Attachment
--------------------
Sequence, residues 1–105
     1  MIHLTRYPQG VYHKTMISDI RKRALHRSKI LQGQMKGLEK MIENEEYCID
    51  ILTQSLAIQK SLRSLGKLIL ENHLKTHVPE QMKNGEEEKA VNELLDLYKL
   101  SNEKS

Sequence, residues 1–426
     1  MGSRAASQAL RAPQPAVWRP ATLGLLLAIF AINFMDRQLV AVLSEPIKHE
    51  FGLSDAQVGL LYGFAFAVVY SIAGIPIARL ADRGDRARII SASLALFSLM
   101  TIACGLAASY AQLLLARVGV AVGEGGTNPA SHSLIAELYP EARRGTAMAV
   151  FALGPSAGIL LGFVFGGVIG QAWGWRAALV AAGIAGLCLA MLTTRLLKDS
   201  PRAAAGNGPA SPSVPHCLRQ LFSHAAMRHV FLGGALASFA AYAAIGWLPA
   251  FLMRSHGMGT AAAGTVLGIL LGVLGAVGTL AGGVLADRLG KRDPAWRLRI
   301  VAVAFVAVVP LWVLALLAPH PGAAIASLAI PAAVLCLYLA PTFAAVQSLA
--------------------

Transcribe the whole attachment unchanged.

Sequence, residues 1–105
     1  MIHLTRYPQG VYHKTMISDI RKRALHRSKI LQGQMKGLEK MIENEEYCID
    51  ILTQSLAIQK SLRSLGKLIL ENHLKTHVPE QMKNGEEEKA VNELLDLYKL
   101  SNEKS

Sequence, residues 1–426
     1  MGSRAASQAL RAPQPAVWRP ATLGLLLAIF AINFMDRQLV AVLSEPIKHE
    51  FGLSDAQVGL LYGFAFAVVY SIAGIPIARL ADRGDRARII SASLALFSLM
   101  TIACGLAASY AQLLLARVGV AVGEGGTNPA SHSLIAELYP EARRGTAMAV
   151  FALGPSAGIL LGFVFGGVIG QAWGWRAALV AAGIAGLCLA MLTTRLLKDS
   201  PRAAAGNGPA SPSVPHCLRQ LFSHAAMRHV FLGGALASFA AYAAIGWLPA
   251  FLMRSHGMGT AAAGTVLGIL LGVLGAVGTL AGGVLADRLG KRDPAWRLRI
   301  VAVAFVAVVP LWVLALLAPH PGAAIASLAI PAAVLCLYLA PTFAAVQSLA